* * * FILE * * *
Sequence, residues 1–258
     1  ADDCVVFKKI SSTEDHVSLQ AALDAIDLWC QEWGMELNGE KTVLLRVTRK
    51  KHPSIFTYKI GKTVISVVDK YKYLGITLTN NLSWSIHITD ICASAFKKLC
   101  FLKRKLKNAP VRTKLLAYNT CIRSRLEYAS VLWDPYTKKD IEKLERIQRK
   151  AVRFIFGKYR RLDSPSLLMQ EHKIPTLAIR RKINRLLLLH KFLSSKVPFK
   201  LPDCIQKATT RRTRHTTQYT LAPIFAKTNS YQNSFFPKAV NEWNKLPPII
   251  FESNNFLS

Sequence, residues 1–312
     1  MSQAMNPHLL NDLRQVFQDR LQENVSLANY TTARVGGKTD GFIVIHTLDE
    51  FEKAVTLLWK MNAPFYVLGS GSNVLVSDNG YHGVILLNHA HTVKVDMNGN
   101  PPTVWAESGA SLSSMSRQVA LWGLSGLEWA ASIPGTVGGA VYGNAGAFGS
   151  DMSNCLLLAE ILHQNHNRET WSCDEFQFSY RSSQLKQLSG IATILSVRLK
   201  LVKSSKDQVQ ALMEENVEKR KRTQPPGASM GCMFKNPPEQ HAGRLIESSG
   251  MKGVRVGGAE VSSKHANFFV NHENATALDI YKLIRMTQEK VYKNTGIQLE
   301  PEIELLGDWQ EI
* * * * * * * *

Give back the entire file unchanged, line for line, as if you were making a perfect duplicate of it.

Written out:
Sequence, residues 1–258
     1  ADDCVVFKKI SSTEDHVSLQ AALDAIDLWC QEWGMELNGE KTVLLRVTRK
    51  KHPSIFTYKI GKTVISVVDK YKYLGITLTN NLSWSIHITD ICASAFKKLC
   101  FLKRKLKNAP VRTKLLAYNT CIRSRLEYAS VLWDPYTKKD IEKLERIQRK
   151  AVRFIFGKYR RLDSPSLLMQ EHKIPTLAIR RKINRLLLLH KFLSSKVPFK
   201  LPDCIQKATT RRTRHTTQYT LAPIFAKTNS YQNSFFPKAV NEWNKLPPII
   251  FESNNFLS

Sequence, residues 1–312
     1  MSQAMNPHLL NDLRQVFQDR LQENVSLANY TTARVGGKTD GFIVIHTLDE
    51  FEKAVTLLWK MNAPFYVLGS GSNVLVSDNG YHGVILLNHA HTVKVDMNGN
   101  PPTVWAESGA SLSSMSRQVA LWGLSGLEWA ASIPGTVGGA VYGNAGAFGS
   151  DMSNCLLLAE ILHQNHNRET WSCDEFQFSY RSSQLKQLSG IATILSVRLK
   201  LVKSSKDQVQ ALMEENVEKR KRTQPPGASM GCMFKNPPEQ HAGRLIESSG
   251  MKGVRVGGAE VSSKHANFFV NHENATALDI YKLIRMTQEK VYKNTGIQLE
   301  PEIELLGDWQ EI